Introducing “Belonging Matters: Conversations on Adoption, Family, and Kinship” by Julie Ryan McGue

“Belonging Matters” is a book that addresses adoption and its impact on identity, family, and kinship. It encourages readers to contemplate the significance of belonging in shaping personal experiences and relationships. The book supports the adoption community while engaging those outside it in meaningful conversations about acceptance and inclusion. Ultimately, it highlights the importance of belonging in enriching our lives and driving us toward fulfillment.

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  • How do you believe the stories in “Belonging Matters” contribute to a broader understanding of adoption and its significance in the lives of those involved?

For a long time, I had shoved my closed adoption into a forbidden place in my mind. Because of health issues, I had to open that drawer, pull out my closed adoption and hold it. Much like a found penny, I examine adoption from every angle because this was helpful to me in determining how I felt about being adopted, being a twin, searching and being in reunion, and being rejected, shunned, and abandoned by blood relatives. I didn’t choose to be adopted, it happened to me. Many people find themselves in situations that others created for them, so adapting, finding forgiveness, and healing are relevant to other life experiences outside of adoption. My book creates a conversation with those who are touched by adoption and with those outside who seek to understand its complex nature.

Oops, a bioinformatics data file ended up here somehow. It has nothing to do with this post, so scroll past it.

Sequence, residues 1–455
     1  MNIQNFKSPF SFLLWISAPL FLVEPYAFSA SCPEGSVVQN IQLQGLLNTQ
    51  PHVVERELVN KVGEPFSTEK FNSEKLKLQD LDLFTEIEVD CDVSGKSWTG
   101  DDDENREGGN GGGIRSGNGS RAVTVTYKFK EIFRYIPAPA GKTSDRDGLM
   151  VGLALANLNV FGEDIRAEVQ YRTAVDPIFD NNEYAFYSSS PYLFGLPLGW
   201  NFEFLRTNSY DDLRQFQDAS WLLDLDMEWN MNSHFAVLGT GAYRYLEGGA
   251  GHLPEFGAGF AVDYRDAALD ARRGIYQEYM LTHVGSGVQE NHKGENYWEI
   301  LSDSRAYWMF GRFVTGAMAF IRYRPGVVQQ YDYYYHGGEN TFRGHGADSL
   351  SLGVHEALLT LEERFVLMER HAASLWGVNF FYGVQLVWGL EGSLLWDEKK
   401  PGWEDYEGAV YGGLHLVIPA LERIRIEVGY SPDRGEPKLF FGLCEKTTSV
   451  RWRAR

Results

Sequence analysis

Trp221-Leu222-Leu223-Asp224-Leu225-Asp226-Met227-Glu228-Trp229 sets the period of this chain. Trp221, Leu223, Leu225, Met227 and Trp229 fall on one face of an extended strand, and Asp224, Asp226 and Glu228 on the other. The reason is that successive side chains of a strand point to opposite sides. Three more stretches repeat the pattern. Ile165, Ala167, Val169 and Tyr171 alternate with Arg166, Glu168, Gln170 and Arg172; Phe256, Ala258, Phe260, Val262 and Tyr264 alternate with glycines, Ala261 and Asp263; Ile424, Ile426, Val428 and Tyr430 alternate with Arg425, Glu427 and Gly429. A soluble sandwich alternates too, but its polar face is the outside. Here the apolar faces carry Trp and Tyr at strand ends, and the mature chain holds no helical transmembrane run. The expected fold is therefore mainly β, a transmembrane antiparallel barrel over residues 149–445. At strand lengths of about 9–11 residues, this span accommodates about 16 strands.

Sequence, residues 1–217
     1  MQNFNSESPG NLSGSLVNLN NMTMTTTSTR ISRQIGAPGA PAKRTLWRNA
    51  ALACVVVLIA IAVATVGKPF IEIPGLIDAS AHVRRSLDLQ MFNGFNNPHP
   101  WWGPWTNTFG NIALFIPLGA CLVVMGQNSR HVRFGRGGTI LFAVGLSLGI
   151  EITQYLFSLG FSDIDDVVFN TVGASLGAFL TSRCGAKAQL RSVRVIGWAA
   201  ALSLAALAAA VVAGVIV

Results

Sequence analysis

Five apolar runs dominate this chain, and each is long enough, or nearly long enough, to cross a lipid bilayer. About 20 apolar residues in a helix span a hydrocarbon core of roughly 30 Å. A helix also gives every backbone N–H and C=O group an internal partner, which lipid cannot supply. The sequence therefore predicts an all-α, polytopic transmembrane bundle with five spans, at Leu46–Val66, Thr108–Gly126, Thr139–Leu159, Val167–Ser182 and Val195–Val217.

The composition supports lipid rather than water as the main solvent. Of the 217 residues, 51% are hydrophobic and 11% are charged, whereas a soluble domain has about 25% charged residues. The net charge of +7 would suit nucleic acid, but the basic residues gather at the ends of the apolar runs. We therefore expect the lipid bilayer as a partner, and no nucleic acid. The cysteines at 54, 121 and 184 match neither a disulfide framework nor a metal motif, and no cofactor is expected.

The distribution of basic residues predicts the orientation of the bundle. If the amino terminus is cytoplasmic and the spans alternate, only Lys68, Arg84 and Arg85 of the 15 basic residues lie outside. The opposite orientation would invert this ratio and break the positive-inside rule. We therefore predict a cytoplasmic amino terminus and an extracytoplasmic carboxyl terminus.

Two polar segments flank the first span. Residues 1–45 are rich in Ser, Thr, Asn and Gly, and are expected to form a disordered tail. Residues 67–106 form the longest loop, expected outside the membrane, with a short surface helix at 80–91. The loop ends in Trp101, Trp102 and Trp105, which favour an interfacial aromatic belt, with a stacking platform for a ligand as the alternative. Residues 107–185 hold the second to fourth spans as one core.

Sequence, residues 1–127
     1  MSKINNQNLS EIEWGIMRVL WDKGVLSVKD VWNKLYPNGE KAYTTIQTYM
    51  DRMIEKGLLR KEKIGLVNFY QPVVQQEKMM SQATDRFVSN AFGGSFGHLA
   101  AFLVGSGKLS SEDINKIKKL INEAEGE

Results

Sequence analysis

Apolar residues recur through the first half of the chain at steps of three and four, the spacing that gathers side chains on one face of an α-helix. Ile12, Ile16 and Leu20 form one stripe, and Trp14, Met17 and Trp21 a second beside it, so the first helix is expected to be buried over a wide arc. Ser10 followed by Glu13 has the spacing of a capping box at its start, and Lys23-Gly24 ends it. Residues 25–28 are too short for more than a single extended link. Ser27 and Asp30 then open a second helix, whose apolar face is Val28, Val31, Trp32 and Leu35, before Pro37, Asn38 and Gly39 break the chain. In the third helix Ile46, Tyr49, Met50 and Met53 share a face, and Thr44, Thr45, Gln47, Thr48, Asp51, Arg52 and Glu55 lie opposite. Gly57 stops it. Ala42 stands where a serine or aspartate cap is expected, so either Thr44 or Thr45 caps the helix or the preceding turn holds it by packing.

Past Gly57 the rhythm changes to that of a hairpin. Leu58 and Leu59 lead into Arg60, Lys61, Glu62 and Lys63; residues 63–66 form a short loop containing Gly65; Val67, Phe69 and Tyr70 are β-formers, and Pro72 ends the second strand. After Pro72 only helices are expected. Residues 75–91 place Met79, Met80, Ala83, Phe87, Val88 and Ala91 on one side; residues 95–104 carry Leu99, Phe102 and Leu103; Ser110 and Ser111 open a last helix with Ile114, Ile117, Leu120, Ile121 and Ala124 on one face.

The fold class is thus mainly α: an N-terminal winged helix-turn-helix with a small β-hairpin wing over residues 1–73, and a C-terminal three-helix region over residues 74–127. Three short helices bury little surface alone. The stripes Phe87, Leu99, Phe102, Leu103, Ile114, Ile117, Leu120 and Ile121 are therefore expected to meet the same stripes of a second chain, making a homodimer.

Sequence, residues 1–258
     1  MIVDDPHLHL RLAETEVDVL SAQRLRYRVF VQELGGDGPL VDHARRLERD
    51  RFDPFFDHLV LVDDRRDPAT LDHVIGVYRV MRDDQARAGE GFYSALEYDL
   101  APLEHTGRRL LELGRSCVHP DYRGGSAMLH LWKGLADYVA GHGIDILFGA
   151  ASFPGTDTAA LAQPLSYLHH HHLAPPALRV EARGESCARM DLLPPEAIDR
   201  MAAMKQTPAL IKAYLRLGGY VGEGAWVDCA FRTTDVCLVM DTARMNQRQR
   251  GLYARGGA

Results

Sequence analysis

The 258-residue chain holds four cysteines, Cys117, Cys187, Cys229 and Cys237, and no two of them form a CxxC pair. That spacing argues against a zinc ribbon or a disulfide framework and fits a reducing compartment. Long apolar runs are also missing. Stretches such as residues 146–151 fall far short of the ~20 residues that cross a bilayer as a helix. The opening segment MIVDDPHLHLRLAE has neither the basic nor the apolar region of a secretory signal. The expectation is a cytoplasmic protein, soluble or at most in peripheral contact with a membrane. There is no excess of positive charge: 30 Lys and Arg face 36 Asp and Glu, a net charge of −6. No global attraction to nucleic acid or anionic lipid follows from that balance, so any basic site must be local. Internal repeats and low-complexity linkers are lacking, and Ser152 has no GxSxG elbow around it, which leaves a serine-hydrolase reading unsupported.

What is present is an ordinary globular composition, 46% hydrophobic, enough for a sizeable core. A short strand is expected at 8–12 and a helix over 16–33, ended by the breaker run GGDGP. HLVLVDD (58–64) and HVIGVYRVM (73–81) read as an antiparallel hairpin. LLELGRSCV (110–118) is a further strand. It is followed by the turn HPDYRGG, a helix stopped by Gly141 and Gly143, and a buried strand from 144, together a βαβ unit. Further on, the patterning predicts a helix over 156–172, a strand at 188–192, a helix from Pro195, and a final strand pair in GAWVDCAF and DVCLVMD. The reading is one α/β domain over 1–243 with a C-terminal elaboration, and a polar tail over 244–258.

• What role does empathy play in your approach to storytelling and understanding the experiences of those connected to adoption?

Like any experience or unique role, if we take the time and make the effort to put ourselves in the shoes of others, we glimpse something–– a feeling, an idea, an insight–– that broadens us humans, which might later translate into goodwill which improves another’s life.

In the final essay of Belonging Matters, I discuss how my participation in an adoption support group enabled me to find empathy and forgiveness for things my birth mother, birth father, and adoptive mother did and said during my search and reunion. Empathy allowed me to heal as a daughter and rounded me out as a mother, wife, and friend. Empathy is a courtesy we offer others and by doing so it is a gift that has a ripple effect.

  • Adoption can be a deeply emotional and complex journey. How did you navigate the sensitive aspects of these stories while preserving the authenticity of the narratives?

I am by nature a deeply reflective person. I studied Psychology in college. I practice daily meditation and yoga and believe in the power of journaling. All these tools enable ideas to flow freely and a way forward for me to present to others to enjoy and draw meaning from.

Click here for part 9!

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